Chapter 6 An Introduction To Metabolism. Metabolism/Bioenergetics. Metabolism : The totality of an organism’s chemical processes; managing the material and energy resources of the cell Catabolic pathways : degradative process such as cellular respiration; releases energy
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E transferred/transformed, not created/destroyed
Organisms live at the expense of free energy.
The amount of energy available to do work.
G = H - TS
G = free energy
H = enthalpy or total energy
T = temperature in 0K
S = entropy (disorder/randomness)
Indicates whether a reaction will occur spontaneously
In a spontaneous reaction, G decreases, DG<0 (negative)
EXERGONIC REACTIONENDERGONIC REACTION
Products have less G Products have more G
Reaction is ‘downhill’ Reaction is ‘uphill’
Spontaneous Require energy input
DG is negative DG is positive
Many metabolic reactions are reversible and reach
At equilibrium a cell is dead!
Disequilibrium is maintained by the continual use/removal
of products e.g. respiration
e.g. zinc, iron, copper
Allosteric enzymes have two conformations, one
catalytically active, the other inactive.
Binding of an activator to the allosteric site stabilizes
the active conformation of the enzyme
Binding of an inhibitor to the allosteric site stabilizes
the inactive form of the enzyme (non-competitive)
Binding at one site enhances binding at other sites
Each enzyme is specific for the reaction it will catalyze. In this laboratory,Enzyme = catalase Substrate = hydrogen peroxide (H2O2)Products = water and oxygen H2O2 H2O + O2
If a small amount of catalase is added to hydrogen peroxide, you will be able to observe bubbles of oxygen forming.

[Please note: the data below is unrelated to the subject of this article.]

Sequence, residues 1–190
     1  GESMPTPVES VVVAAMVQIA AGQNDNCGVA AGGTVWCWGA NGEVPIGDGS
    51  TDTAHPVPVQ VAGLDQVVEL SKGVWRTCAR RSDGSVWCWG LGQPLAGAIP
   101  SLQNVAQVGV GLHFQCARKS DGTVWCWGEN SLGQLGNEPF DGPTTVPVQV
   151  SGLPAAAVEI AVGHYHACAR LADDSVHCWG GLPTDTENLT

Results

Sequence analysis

In such a titration, you slowly add a chemical (KMnO4) that will cause a color change until a target is achieved.
To determine how much hydrogen peroxide (substrate) has been broken down by catalase at varying times, you measure the amount of peroxide remaining in each flask.
We can calculate the rate of a reaction by measuring, over time, either the disappearance of substrate or the appearance of product.
For example, on the graph above, what is the rate, in moles/second, over the interval from 0 to 10 seconds?
Rate = Dx = 7-0 moles = 7 = 0.7 mols/sec
Dy 10-0 seconds 10
During what time interval is the enzyme working at its maximum velocity?
a. 0–30 seconds
b. 60–120 seconds
c. 120–180 seconds
d. Over the entire time course
In order to keep the rate constant over the entire time course, which of the following should be done?
Which of the following graphs represents the rate of the reaction shown above? Notice that in the graphs below, the y-axis is number of molecules/sec.
a. It is the substrate on which catalase acts
b. It binds with the remaining hydrogen peroxide during titration
c. It accelerates the reaction between enzyme and substrate
d. It blocks the active site of the enzyme
e. It denatures the enzyme by altering the active site
A student was performing a titration for this laboratory, and accidentally exceeded the endpoint. What would be the best step to obtain good data for this point?
a. Estimate the amount of KMnO4 that was in excess, and subtract this from the result
b. Repeat the titration using the reserved remaining sample.
c. Obtain data for this point from another lab group
d. Prepare a graph of the data without this point, and then read the estimated value from the graph.